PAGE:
Wednesday, August 24, 2016
"Florence Foster Jenkins" and the power of chasing a dream
(Some possible spoilers.)
The first movie we saw after our return from our recent road trip was "Florence Foster Jenkins," starring Meryl Streep, Hugh Grant and Simon Helberg (better known as Howard on "The Big Bang Theory"). I had heard a bit about the movie and the true story it was based on, and seen a couple of trailers, and a few days before we went, I picked up the book that provided the source material for the script, "Florence Foster Jenkins" by Nicholas Martin and Jasper Rees. It's the type of quirky, real-life story that I love.
Florence was a wealthy New York socialite and patron of the arts who fancied herself an opera singer -- and actually gave a sold-out concert at Carnegie Hall shortly before her death in 1944. To put it mildly, she was not. You can find some of her recordings on YouTube if you care to hear the proof. In fact, some have dubbed her "the world's worst singer." She was enabled in her delusions of grandeur by her common-law husband, the second-rate actor St. Clair Bayfield (Hugh Grant), who worked tirelessly to encourage and protect her, and people in the arts community who relied on her generous patronage. We first hear her sing at the same time aspiring pianist/composer Cosme McMoon does (Helberg -- who really does play piano in the movie!), when he auditions to become her accompanist. The expression on his face when she opens her mouth and lets out those first few off-key notes is priceless (and possibly Oscar-worthy). I have to admit I laughed so hard I had tears streaming down my face.
But while there is humour in the movie, it's not played strictly for laughs. Streep does a marvellous job (as usual...!) of conveying Florence's sincerity and underlying fragility. It's funny, it's a bit sad in parts, and it's touching.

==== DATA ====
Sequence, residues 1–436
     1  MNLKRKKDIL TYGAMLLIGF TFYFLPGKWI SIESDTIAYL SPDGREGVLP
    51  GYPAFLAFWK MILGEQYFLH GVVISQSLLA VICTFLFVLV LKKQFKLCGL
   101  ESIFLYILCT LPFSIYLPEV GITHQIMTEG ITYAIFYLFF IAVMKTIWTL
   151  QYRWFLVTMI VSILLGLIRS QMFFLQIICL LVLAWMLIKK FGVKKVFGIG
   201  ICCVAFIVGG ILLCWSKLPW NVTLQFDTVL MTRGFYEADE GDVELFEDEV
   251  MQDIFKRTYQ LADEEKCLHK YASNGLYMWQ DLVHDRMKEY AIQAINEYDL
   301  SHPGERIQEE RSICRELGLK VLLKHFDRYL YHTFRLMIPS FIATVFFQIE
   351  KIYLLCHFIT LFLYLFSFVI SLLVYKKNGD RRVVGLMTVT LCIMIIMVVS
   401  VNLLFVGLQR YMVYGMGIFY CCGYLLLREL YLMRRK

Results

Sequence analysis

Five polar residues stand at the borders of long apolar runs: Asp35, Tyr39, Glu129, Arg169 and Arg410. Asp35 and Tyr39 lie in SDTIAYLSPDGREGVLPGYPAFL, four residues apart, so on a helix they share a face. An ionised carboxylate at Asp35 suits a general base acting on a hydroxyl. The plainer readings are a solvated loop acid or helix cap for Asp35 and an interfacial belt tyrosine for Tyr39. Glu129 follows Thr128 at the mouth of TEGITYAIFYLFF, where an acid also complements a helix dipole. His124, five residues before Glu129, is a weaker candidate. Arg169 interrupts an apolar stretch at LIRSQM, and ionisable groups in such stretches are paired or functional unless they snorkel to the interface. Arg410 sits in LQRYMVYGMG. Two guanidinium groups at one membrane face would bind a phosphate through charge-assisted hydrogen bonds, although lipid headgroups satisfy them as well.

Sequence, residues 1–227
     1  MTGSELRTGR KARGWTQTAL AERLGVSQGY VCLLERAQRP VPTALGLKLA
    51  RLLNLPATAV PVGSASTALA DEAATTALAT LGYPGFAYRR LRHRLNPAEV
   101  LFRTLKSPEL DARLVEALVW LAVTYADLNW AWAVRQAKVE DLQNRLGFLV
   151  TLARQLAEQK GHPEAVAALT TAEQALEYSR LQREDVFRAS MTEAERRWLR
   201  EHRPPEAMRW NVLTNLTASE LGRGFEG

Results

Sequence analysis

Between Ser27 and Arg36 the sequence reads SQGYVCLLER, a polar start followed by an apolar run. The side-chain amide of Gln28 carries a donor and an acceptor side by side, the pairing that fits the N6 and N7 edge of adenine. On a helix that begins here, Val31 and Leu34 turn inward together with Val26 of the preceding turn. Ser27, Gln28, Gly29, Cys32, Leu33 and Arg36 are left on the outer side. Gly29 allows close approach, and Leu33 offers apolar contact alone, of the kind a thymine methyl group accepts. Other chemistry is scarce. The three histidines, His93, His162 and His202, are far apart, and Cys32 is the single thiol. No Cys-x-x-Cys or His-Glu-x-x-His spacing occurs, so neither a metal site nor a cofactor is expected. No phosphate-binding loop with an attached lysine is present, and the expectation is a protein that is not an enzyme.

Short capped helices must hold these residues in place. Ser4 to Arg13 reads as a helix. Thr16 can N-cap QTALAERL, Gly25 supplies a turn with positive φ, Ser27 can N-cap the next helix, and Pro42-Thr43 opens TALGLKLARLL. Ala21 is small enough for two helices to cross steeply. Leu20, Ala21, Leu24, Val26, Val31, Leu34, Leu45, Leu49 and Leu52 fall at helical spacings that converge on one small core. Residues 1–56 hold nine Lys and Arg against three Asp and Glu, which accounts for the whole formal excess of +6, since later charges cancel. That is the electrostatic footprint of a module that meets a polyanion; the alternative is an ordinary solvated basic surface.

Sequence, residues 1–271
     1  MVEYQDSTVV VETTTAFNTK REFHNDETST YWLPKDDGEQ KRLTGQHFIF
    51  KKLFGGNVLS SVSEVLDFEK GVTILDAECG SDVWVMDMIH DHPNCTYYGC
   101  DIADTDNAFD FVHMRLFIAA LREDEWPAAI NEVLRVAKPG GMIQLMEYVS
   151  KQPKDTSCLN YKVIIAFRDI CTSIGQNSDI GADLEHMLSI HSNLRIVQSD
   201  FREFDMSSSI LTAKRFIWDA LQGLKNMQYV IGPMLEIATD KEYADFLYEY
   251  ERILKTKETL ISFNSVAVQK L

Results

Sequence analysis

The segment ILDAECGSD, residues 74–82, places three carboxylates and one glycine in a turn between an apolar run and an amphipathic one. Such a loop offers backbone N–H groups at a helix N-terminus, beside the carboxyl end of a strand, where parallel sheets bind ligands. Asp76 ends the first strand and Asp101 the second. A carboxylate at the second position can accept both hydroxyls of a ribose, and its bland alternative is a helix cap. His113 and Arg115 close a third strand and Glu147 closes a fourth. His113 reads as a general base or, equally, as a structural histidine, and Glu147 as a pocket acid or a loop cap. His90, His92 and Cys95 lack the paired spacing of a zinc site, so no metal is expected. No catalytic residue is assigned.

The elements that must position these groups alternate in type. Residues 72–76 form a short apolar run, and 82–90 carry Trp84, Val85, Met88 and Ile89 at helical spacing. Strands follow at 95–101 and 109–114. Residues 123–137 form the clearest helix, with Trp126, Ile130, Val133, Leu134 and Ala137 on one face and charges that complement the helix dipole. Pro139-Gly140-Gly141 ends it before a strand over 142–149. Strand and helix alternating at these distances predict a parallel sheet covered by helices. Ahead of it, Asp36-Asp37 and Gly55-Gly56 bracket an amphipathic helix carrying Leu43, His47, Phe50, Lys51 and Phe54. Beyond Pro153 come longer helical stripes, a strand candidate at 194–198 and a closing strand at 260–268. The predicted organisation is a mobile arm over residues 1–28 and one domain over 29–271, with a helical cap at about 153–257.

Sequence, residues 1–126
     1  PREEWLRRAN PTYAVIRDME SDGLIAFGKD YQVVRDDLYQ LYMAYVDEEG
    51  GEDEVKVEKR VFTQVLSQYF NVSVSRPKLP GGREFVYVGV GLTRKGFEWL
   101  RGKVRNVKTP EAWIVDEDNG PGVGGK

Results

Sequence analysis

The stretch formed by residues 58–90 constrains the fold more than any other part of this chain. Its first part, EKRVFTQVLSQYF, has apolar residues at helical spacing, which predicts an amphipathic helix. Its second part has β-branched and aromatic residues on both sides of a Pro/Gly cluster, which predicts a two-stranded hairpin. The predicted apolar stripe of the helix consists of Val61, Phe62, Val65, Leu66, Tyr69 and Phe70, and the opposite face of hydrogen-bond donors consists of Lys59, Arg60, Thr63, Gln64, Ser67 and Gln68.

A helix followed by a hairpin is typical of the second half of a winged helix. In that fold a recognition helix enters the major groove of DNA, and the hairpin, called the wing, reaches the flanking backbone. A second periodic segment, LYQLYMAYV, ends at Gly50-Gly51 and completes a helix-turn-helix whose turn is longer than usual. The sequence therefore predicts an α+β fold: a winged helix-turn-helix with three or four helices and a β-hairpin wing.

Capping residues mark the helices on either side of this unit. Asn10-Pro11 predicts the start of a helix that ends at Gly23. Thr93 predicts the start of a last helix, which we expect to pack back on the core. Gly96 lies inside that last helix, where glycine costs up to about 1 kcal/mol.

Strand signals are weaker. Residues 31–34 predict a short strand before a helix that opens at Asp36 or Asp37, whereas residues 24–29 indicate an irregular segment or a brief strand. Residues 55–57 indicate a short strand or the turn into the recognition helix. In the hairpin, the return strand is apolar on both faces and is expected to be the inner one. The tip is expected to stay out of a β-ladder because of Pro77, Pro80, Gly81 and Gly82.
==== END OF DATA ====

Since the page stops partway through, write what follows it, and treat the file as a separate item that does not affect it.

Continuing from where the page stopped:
There's a scene in the movie where Florence has just confessed to the new doctor treating her that she has syphilis, contracted from her first husband on her wedding night. (It's suggested in the book that the disease may have had an effect on her hearing, and singing.) In those days, pre-penicillin, there was no cure for syphilis, and Florence lived far longer than most people with the illness. As a result, her common-law marriage/relationship with St. Clair Bayfield was of a non-sexual nature.
After the doctor leaves, she & St. Clair are talking and she expresses how she wishes she could have given him a child. "We could have been a family," she says sadly. "We ARE a family," he assures her. (Hugh Grant is also amazingly good here.) The exchange reminded me of another Meryl Streep movie, "Julie & Julia," where she played the wistfully childless Julia Child, supported by her loving husband Paul (Stanley Tucci). (My post about "Julie & Julia" remains my all-time most viewed and commented upon, and continues to draw traffic and comments.)
There's nowhere in the book or the movie where Florence's childlessness is specifically linked to her musical obsessions, but it's easy to see that music filled a void for her (just as food and cooking filled a similar void for Julia Child). "Music is and always has been my life," she says. We believe her.
Reflecting on the movie later, I was also reminded of Tracey Cleantis's book "The Next Happy" (which I reviewed here), about the sometimes destructive power of chasing your dreams and how to let them go. Unlike most of us, Florence had the money and the social clout to keep following her improbable dream long after most of us would have had to throw in the towel. It's suggested in both the book and the movie, though, that being confronted with the negative reviews of her Carnegie Hall concert, and the realization that people were laughing at her, shattered her illusions and ultimately contributed to her death a few months later.
Nevertheless, Florence's story also reminds us that we can find value and meaning in doing what we love to the best of our ability -- even if we know we'll never be truly great at it. People recognized that Florence's singing was sub-par (even if she never did) -- but (as the movie shows) they also admired her can-do spirit and determination. "People may say that I couldn't sing. But no one can say that I didn't sing," Florence observes with a smile at the movie's end (a quote attributed to the real-life Florence).
The book was interesting in filling out the details of Florence's life, but unless you're really curious about her and the times she lived in, you can probably go straight to the movie (which I would happily recommend).
This was book #13 that I've read so far in 2016.